Here Come the Easter Witches

Here Come the Easter Witches

  When you think about Easter, you immediately think "witch." No? Me neither. Probably the funniest Scandinavian tradition is the Easter witch. In Sweden and Finland—young children hit the streets the Thursday before Easter dressed as peasants (or in their finest witchy costumes) that their parents bought during the post-Halloween sales the year before.   Is this like Halloween in the spring? Yes. Kids make handmade Glad Påsk cards (Happy Easter) and hand them out door to door in exchange for candy. This trick-or-treating type activity was new to me and caught me off guard when we first moved to Sweden. I heard tiny, gentle knocks on my door and not surprisingly, didn't happen to have any loose candy in the house to hand out. Having to improvise, I gave a few kronor as payment to each disappointed child. Don't be like Lisa. Be prepared and always have loose candy around your house at all times.     Last year, I swore I was going to get it right. After years of...
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Nudity in preschool? Why not?

Nudity in preschool? Why not?

The notification from my children's preschool app lit up the front screen of my phone. "You have an important message," the text said in Swedish. I logged in with my email and password and opened up the "important message" that contained photos of my five-year-old son's preschool field trip. From the photos, it looked like the kids were in someone's yard enjoying the beautiful sunny day, eating grilled hot dogs and hamburgers, and running through the sprinkler. Most notable was that the kids were running through the sprinkler completely nude or with only underwear on. I didn't even know he was heading on a field trip that day but none of that shocked me. The fact that I didn't know that my son was going on a field trip that day? Pfft, whatever. The fact that there were nude photos of my child on this preschool app shared with the other parents in his class? Not an issue. The fact that they went to a...
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7 Ways Swedish Women Can Revolutionize Your Life Today

7 Ways Swedish Women Can Revolutionize Your Life Today

  You know what they say, "You can't know where you're going until you know where you've been." In honor of Women's History Month, I am highlighting seven largely unknown Swedish female revolutionaries from history. Okay, one of them is really really well known but the women are probably new names for most of you. Sweden, the first feminist government in the world, has feminist actions and beliefs dating back to the 17th century. It was recently ranked the best country in the world for women and it didn't get there without the help of some famous women throughout history. The Law of Jante, common in Scandinavian cultures, diminishes the importance of individuality and focuses on merging with the herd culture. Every single woman listed below fought against the status quo and subsequently, changed expectations for what women could accomplish. From saints to anarchists, Swedish women have been breaking the mold for hundreds of years. After learning a bit of their history, I challenge each one of you to...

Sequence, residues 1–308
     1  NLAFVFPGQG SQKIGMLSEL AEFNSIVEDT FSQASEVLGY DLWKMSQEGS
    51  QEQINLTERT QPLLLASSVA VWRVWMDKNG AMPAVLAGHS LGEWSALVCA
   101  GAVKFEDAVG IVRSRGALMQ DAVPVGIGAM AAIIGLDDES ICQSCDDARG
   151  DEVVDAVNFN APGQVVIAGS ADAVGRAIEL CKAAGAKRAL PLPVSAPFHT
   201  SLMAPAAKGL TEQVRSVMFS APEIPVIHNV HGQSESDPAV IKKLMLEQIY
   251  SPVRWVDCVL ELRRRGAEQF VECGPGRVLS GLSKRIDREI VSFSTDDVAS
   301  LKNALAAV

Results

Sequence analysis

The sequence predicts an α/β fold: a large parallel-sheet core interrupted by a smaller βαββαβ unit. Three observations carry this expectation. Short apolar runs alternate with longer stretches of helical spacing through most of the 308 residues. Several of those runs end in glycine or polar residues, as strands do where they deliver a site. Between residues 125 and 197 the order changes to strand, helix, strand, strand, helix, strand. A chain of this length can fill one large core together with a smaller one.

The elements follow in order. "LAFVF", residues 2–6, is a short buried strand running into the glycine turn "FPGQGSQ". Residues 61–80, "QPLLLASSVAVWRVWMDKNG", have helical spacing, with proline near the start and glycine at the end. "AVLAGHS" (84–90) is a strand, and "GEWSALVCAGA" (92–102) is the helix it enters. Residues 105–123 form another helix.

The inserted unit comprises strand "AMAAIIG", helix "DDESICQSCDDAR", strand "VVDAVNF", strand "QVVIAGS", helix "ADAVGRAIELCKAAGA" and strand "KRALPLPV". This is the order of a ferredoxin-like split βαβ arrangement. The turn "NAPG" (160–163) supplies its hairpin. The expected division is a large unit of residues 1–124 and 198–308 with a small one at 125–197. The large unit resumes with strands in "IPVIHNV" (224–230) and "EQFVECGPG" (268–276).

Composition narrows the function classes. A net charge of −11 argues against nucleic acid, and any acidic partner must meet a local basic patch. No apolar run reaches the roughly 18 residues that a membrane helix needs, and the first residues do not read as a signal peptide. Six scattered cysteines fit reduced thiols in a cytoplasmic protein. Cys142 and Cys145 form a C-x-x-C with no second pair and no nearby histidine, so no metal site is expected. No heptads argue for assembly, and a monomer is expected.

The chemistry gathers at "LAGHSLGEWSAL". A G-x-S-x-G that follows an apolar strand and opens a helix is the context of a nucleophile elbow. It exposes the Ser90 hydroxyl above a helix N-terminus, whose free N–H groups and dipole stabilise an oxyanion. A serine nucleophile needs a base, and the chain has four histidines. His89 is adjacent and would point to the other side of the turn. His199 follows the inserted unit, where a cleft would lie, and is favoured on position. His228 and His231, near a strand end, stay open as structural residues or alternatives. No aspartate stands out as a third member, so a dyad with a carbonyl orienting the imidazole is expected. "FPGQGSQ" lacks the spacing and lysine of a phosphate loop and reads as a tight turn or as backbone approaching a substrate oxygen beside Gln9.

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12 Strange Truths In A Snowy Climate

12 Strange Truths In A Snowy Climate

  Living in a snowy climate can be fun if you like snow, but it can result in some strange lifestyle adaptations. For instance, you discover that gloves don't keep your fingers warm and you double up on mittens, and you end up owning an excessive, yet completely justifiable, number of hats. These truths were inspired by my morning haul of the kids to school in a sled. What can you add?   1. You carry kitty litter or crushed gravel wherever you go   http://gph.is/2hQU9KP   2. Adding skis or sleds to everything becomes a necessary form of transportation http://gph.is/1NlUNON   3. You have a hat for every type of weather http://gph.is/1Zt2TX7 4. Like socks, you have orphaned mittens but you keep these orphans in vain hope that someday it's pair is discovered in another storage bag and they can finally be reunited. However, by then, your child's hands have outgrown the mittens, and they end up in the donate pile. Surprise! http://gph.is/195IEsW 5. Your bed never feels as cozy as it does in the winter http://gph.is/Vx8ZaB 6. You don't want to...
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When The Exciting Life Feels Normal

When The Exciting Life Feels Normal

  When we first moved to Sweden (five years ago, ahh!), the newness of everything was overwhelming. Every day we jumped into the unknown with glee. It was thrilling to have a clean slate. We could be whoever we wanted to be in this new place. I spent the first few weeks converting everything into measurements that I could understand and then again into USD to get a sense of the cost. Everything felt expensive (it was). But it was okay because this was all new and exciting. Snow on April 1? Not depressing. Let's play! Get incredibly lost while trying to find a particular restaurant only to discover that they are closed on Sundays? It's alright. We'll get pizza from around the corner. Spend hours in line to get a national ID card, fill out forms, and hope that you've done everything correctly in a language you don't understand? Kind of scary, yes, but we're hanging in there. Everything we did felt like a strange but wonderful adventure....
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5 Reasons Why Stroller Naps Are The Best Naps